• This raw, unprocessed image of Hyperion was taken on May 31, 2015 and received on Earth June 1, 2015.

This raw, unprocessed image of Hyperion was taken on May 31, 2015 and received on Earth June 1, 2015. (Photo : NASA/JPL-Caltech/SSI)

The NASA and European Space Agency's Cassini probe finally made its last, final approach on Saturn's moon, Hyperion on May 31, Sunday. Mission controllers are now preparing the spacecraft for its last leg of its mission where scientists will now maximize the remaining life of the probe.

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Hyperion is one of the smaller moons of Saturn where it only measures an average radius of 82 miles. This will be the last series of images from Cassini of Hyperion.   

This moon became a point of interest for astronomers since they believe it possesses a porous interior and sponge like texture on its surface unlike any other natural satellites seen in the solar system.

During its orbit around gas giant Saturn, this moon follows an erratic orbital trajectory. However, when the Cassini spacecraft flies around Hyperion, the same side of the moon has been facing the spacecraft. This is also relative since it is almost impossible to determine which side of the moon will be facing the spacecraft during a scheduled approach.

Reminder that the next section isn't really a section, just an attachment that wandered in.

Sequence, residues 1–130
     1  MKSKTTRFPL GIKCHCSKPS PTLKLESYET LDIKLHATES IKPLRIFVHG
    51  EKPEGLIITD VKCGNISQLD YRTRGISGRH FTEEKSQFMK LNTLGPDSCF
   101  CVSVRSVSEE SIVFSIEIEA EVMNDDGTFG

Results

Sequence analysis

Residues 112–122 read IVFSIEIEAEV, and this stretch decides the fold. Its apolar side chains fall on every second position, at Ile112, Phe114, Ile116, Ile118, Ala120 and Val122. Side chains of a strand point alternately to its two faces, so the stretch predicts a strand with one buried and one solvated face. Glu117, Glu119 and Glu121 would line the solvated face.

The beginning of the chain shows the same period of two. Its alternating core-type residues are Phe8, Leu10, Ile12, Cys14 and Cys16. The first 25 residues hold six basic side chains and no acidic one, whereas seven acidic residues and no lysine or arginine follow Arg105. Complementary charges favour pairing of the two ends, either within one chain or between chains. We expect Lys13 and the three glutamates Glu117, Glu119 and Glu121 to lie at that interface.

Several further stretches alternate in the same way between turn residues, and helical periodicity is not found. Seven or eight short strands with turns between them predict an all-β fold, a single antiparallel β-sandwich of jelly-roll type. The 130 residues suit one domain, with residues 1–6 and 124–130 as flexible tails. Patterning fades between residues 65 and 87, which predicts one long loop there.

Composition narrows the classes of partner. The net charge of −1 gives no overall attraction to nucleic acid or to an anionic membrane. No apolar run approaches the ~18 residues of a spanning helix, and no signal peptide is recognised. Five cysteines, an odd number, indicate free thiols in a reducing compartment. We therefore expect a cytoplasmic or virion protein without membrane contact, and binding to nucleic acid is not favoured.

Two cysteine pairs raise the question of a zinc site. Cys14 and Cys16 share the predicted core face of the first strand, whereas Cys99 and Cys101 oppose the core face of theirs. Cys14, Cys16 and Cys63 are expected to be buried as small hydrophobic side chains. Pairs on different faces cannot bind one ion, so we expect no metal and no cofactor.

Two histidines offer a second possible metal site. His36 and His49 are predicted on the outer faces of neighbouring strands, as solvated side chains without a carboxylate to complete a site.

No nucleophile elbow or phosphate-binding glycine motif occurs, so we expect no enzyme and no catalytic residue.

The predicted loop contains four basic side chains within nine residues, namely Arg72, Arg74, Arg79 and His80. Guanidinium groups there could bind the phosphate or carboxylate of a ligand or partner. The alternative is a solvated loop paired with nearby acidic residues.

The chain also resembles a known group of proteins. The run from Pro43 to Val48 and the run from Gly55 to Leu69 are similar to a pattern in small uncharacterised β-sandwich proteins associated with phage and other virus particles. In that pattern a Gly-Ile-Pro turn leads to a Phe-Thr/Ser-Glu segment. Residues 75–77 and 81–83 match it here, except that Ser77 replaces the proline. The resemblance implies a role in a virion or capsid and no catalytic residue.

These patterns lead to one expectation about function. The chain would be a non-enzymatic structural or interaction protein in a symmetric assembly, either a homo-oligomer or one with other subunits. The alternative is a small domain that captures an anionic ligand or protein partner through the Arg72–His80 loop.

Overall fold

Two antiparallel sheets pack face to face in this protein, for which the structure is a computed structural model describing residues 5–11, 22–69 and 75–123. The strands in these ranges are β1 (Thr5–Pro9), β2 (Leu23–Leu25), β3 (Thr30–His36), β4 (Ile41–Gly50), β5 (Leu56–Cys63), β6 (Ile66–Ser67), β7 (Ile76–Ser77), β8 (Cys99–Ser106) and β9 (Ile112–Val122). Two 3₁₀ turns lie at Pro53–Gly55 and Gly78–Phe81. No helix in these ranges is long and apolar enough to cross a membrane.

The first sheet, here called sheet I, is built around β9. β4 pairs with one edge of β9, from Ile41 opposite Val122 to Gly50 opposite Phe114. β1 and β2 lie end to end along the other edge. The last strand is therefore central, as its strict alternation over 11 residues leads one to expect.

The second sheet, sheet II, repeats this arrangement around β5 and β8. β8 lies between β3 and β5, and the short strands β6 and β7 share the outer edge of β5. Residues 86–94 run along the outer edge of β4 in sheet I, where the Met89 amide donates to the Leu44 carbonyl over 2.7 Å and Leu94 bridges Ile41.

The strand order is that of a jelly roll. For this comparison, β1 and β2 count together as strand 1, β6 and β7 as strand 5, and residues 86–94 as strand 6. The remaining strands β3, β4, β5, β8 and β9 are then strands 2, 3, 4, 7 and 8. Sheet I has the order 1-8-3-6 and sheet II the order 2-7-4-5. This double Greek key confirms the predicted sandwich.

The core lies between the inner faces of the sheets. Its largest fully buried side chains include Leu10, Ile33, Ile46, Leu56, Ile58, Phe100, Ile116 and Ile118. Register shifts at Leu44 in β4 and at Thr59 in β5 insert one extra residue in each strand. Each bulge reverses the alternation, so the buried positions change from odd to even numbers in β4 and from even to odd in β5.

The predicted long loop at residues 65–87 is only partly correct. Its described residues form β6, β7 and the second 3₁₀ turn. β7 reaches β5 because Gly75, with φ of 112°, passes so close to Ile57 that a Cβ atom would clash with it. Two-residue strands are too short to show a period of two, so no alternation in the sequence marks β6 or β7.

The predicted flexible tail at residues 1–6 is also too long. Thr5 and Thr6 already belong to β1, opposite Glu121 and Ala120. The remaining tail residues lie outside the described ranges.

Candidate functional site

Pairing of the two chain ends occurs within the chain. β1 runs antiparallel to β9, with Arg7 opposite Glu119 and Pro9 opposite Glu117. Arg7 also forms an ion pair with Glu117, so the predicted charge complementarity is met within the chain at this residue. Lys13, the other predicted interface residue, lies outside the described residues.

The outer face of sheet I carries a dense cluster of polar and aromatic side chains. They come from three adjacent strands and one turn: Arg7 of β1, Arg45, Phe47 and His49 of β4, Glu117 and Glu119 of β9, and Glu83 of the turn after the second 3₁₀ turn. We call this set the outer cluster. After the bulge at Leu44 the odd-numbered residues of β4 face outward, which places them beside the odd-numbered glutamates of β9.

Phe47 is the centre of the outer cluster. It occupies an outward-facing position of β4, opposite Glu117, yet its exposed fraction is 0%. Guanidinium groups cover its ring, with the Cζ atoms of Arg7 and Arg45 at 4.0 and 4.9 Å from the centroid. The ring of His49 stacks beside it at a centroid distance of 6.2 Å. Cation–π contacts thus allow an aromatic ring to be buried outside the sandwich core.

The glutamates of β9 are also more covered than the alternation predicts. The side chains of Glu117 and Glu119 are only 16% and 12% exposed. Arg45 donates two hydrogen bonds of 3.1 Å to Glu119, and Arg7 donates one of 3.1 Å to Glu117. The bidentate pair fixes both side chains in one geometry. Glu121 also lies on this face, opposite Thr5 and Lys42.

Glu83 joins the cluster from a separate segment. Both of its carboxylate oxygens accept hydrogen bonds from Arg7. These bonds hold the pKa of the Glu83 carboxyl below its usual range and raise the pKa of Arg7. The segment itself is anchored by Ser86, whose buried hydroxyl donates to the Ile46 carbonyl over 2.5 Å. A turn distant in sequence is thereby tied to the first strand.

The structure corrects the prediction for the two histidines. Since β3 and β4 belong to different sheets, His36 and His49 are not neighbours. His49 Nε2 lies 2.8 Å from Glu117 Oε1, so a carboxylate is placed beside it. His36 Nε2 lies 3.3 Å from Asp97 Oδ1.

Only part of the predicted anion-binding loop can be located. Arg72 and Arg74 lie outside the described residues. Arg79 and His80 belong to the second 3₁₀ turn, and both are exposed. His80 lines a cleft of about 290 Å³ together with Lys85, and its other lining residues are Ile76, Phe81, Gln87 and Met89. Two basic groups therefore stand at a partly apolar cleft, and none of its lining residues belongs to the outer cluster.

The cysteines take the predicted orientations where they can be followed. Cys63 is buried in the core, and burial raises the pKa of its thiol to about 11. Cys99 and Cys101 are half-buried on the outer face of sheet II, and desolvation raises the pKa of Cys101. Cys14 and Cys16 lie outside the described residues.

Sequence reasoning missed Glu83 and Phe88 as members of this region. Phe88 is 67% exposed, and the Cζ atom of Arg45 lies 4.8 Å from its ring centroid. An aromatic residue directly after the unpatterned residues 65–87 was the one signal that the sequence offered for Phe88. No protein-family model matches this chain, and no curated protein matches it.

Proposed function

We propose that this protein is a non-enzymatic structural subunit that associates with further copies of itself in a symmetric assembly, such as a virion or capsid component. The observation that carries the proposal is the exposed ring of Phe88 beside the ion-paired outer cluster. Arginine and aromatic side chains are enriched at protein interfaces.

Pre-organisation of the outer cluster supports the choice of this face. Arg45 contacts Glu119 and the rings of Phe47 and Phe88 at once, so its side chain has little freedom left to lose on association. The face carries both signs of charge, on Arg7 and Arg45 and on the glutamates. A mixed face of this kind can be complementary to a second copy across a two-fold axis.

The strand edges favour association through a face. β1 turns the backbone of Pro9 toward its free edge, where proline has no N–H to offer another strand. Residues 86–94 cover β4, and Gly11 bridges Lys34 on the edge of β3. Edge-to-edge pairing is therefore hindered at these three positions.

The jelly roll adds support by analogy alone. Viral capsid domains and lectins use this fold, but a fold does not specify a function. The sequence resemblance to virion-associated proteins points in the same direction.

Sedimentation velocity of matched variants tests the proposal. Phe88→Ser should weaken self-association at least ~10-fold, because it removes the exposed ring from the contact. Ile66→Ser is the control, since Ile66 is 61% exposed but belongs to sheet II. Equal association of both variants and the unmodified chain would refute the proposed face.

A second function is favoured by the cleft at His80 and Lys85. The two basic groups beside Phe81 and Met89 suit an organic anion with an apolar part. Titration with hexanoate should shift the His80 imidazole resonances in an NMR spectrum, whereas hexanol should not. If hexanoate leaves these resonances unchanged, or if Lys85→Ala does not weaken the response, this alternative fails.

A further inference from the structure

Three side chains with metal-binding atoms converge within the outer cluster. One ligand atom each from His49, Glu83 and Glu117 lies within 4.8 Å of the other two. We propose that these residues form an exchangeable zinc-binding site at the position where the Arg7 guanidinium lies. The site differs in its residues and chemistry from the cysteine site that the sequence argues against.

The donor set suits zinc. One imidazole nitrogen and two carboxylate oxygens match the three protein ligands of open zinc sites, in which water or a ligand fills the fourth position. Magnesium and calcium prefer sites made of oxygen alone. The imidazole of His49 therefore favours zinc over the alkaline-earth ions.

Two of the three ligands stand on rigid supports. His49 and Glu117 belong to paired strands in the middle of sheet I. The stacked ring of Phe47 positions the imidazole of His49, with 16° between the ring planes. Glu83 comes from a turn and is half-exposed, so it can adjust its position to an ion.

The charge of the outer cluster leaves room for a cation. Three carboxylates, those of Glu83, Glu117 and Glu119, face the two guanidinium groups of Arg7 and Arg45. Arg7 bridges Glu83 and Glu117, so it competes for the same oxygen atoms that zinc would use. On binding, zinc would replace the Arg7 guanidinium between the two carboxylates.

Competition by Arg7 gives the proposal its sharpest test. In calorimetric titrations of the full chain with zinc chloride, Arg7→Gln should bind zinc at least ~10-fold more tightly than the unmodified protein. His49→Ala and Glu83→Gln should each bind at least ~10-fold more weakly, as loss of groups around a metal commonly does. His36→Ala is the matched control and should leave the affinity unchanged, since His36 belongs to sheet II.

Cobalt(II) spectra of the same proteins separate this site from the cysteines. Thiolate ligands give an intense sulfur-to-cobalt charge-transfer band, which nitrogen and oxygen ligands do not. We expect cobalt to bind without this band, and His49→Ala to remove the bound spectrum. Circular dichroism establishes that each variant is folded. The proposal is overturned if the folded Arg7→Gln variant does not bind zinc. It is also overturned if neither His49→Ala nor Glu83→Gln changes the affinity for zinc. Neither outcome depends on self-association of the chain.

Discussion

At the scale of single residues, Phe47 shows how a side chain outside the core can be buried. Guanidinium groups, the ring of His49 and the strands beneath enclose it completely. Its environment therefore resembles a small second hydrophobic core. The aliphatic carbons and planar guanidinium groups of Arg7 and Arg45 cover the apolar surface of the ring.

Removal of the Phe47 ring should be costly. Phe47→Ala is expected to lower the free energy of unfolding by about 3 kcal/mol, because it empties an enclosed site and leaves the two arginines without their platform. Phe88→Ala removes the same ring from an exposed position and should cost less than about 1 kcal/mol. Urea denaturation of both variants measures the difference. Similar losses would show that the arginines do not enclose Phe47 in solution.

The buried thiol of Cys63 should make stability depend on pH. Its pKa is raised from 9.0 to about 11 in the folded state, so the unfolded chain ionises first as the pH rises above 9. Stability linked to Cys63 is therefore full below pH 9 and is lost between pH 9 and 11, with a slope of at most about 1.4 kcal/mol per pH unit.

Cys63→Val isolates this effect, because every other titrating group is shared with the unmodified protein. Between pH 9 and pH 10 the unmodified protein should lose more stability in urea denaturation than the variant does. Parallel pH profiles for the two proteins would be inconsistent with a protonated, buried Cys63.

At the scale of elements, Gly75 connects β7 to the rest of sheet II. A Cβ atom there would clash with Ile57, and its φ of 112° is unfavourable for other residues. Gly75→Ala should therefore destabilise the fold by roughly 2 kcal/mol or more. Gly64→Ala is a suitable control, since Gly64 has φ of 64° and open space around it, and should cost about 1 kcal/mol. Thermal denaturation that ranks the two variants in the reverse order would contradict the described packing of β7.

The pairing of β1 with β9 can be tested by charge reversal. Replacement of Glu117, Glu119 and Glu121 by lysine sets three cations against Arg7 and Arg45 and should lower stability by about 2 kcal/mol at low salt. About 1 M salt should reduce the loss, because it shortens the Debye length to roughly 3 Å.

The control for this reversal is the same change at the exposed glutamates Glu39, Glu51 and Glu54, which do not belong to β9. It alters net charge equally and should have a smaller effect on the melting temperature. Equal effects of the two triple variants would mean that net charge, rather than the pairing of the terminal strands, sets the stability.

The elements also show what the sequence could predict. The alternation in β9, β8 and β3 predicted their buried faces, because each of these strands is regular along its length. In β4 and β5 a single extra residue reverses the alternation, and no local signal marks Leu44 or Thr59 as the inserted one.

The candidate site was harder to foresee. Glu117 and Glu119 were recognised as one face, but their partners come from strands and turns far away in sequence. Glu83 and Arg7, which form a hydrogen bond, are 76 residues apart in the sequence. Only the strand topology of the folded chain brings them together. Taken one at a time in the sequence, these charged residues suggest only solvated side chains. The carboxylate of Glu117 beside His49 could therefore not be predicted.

Although this is not the first time that the probe will be approaching the spongy moon, its closest flyby occurred on September 26, 2005 when the spacecraft was about 323 miles from the surface of the moon. However, some six minutes before this approach,  the probe was hit by an electrical current from Hyperion at 200 volts when it was 1,200 miles away.

After this strange phenomenon, the mission team released a short video of the moon as Cassini conducted its closest flyby. Hyperion appears to present a smiley face from its geological features. 

Apart from Hyperion, Dione which is another moon of Saturn will be explored by Cassini on June 16 where its closest approach will be just 321 miles from the moon. Another moon will also be visited by the spacecraft which is Enceladus from a really close range of 30 miles from its surface, scheduled in October. 

During the later part of this year, after completing its missions, Cassini will then depart from the equatorial plane of Saturn where most of the moons orbit and will prepare for its final end of its journey.

When Cassini enters this last stage of its mission, the probe will conduct a series of dives around Saturn and its innermost ring, marking this as the spacecraft's last, dazzling plunge. Cassini will then capture the last images of Saturn's spectacular ring system from an unprecedented, never before seen view.